Over time, a forest is formed and the grass begins to weaken due to the shade. When the forest takes over, the grass will be already gone, victim or martyr of the shadow it helped to create. Assuming this perspective, humans (and ecosystems) would benefit much more if, instead of investing time and money in a war against these “weeds,” we understood the ecological role of these plants and used them as nature does.
Natural environments know no prejudices and, as long as conditions are favorable, they adopt species from everywhere. One of the side effects of some ecological established “trues” is the creation of fetishes for certain concepts. On a planet that has been altered by us for millennia and has never seen such artificial destruction, instead of creating more wars against species, we could learn on how to handle them properly in order to bring the environment to a better level. Everyone – natives and exotics – are doing that, except the human being.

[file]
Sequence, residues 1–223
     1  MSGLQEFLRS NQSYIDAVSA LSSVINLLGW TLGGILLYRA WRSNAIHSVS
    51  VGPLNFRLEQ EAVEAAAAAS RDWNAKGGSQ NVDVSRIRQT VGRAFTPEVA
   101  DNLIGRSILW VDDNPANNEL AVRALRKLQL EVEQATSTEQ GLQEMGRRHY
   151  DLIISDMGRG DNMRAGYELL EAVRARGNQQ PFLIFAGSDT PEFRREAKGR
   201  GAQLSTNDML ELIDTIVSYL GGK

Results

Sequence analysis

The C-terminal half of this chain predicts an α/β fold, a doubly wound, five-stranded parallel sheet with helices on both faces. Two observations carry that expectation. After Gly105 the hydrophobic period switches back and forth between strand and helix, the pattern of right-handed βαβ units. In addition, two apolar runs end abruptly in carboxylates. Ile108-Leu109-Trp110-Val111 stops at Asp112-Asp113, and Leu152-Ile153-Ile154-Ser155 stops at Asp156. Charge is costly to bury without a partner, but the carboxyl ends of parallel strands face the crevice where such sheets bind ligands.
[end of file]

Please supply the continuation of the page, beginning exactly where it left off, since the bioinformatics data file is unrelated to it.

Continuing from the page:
The “razor-grass” story